8 Tips for for Photographing Your Sewing Projects
They say a picture is worth a thousand words, but for many sewists, a good photograph is worth much more. Pattern designers and online sewing instructors need lots of images of their projects, both finished and during the construction process. Sewists who sell their wares online know that a few good pictures can make the difference between a listing that sells and a listing that flops. Sewists who make custom works will need to build a whole portfolio for clients to consider. And for the rest of us, there’s always the satisfaction of being able to show off our latest projects when we don’t happen to have them with us.
But we’re sewists, not photographers! How do we get those clean, professional looking results without pricey equipment and years of training and practice? While a professional photographer is worth every penny for some occasions, you don’t need to schedule a photoshoot every time you finish a project. With these tips and tricks, you can easily learn to take great images to share your sewing wherever you go!
1. Use bright but diffused light
Cameras aren’t as good at detecting light as the human eye, so even if you think your shot looks bright enough, your pictures might look murky. Natural light is best, since it gives the truest impression of the colours in your project, so try to get your shots near a window. Strong directional light, however, can cause stark glare and shadows, so if you find your window is getting too much direct sun, try hanging sheer white curtains to diffuse the glare and using a reflective board (aluminum foil over cardboard works well) to bounce light back into the shadows.
2. Style the whole look
When you’re photographing clothing or accessories, or even household items, try to photograph the item being used as it would be in real life. This is especially important for sewists who use their photography to sell their items. If you make garments, show how they can be used to create different looks. Photograph handbags open on a table as if they were being filled before going out, or tucked under the arm of a model. Of course, you also want to include more direct photos that clearly show the size, colour, and features of an item, but these glamour shots help tell customers why they should buy your item, instead of just what it is.
3. Use models
Clothing always looks better on a model than a hanger. Rope a couple friends or family members into showing off your latest creations, and have fun with it! Remember that styling real people with real proportions is a great way to show that your looks can work for anyone, not just skinny runway models, and candid photography doesn’t rely on the same kinds of photography skills as studio portraiture, which makes it great for beginners. As a last resort, photograph your work on a dress form or mannequin. It doesn’t convey quite the same sense of movement and life as working with models, but it will show off your work much better than flat photos.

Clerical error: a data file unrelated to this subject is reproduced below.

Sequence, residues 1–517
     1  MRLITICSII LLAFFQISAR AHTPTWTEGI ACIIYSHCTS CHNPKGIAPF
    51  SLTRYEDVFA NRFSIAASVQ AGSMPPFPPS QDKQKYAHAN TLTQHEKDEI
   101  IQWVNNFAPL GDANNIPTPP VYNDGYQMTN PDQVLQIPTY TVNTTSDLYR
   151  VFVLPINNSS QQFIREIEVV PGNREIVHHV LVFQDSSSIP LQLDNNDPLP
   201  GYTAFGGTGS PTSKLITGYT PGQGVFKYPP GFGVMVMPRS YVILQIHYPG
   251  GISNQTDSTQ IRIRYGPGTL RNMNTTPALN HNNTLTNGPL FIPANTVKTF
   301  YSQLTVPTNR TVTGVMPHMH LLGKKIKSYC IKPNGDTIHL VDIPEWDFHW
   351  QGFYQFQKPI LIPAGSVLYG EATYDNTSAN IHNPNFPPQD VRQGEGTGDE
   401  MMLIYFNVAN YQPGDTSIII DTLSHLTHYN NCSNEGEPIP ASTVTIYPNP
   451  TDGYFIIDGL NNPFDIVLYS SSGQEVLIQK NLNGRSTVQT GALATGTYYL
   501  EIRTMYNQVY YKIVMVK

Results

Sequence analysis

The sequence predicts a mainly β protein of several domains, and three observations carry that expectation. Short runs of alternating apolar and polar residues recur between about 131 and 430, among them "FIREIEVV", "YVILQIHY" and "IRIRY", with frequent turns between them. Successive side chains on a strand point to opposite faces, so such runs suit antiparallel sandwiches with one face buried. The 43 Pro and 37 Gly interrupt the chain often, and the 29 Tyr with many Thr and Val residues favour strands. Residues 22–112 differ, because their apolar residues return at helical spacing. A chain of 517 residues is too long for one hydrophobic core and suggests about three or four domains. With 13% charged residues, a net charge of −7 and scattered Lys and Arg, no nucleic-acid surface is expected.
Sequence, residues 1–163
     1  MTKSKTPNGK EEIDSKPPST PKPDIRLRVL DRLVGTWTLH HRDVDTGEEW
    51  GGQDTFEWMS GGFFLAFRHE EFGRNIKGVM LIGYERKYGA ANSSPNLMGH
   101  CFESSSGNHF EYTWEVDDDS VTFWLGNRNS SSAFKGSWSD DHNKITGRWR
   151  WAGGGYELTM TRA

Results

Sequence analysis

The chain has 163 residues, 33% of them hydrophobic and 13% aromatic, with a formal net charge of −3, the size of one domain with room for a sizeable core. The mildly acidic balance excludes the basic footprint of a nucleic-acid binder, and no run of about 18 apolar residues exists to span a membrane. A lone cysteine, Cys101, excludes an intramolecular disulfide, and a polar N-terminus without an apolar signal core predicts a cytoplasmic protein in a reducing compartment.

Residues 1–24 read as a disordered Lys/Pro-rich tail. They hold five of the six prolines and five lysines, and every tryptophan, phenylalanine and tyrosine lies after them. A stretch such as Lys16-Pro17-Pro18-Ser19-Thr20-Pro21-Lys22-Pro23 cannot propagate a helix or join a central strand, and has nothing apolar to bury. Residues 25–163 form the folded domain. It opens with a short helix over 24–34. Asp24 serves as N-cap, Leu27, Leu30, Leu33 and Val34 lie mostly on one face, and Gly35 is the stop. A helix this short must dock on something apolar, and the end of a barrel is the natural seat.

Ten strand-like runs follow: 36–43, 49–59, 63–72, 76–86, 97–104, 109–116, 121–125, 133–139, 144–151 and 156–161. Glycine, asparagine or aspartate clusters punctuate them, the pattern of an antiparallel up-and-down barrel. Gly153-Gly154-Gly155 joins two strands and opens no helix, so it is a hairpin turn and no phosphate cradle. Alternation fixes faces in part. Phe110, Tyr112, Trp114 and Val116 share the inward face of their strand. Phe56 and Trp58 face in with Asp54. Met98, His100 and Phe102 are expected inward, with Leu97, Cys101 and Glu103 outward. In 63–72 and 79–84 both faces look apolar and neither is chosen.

4. Invest in decent equipment
You don’t need a pricey camera to take great photos. Many mobile phones today have cameras that are more than adequate for general picture taking, but for the highest quality images, you’ll need a bit more than a basic point-and-shoot. Talk to someone at a local camera shop and get some advice on what will work best as far as an introductory camera. Ask your favourite bloggers what they use, or browse through the myriad resources on the internet. Once you’ve chosen a camera, spend time learning how to use it. Many new photographers get frustrated when pictures don’t turn out right away, but it just takes practice.
In addition to your camera, there are a couple other items you’ll probably want in your photography kit. A bright, portable light will let you stage photoshoots whenever and wherever you need to, though you might want to look at some DIY light diffuser options to avoid that harsh look from directional light. A tripod is an absolute must—look for one that’s adjustable. A reflector is also helpful. They’re generally quite inexpensive to buy, but you can also make your own by using a sheet of poster board: leave it white for a soft look, or cover in aluminum foil for more reflectivity.
5. Take more photos than you think you need
Just enough is never enough! Always aim to get extra photos, especially when you’re working with models or if you’re taking photos of a custom item before it leaves with the customer. One of the greatest things about digital photography is that you can always delete photos, but it’s a lot more difficult to go back and get more.
6. Pay attention to backgrounds
Most of us home sewists don’t have a studio for our photography, so when you’re shooting photos around the house, make sure to pay attention to what else is in the shot. Pictures taken in the front garden might seem great, but if you catch your house number in the shot, you might be giving away more personal information than you’d intended. Opt for blank, neutral backgrounds whenever you can.
7. Don’t forget the close ups!
You’re proud of your stitchwork, so show it off! Tight close-ups of your quilting patterns or a beautiful vintage button can really be a feature when you’re explaining your work to someone else, whether they’re a friend or a customer.
8. Practise and experiment
Take photos of everything, and take notes about what works and what doesn’t. If you’re the analytical type, try taking measurements. How close should your lights be to your subjects? How much room do you need to get your entire model in the shot? What time of day is best for your outdoor photos? The greatest thing about modern photography is that since it’s all digital, there’s no wait or cost to get your photos developed. You can immediately see if something isn’t working and try something else, so let your creativity run wild!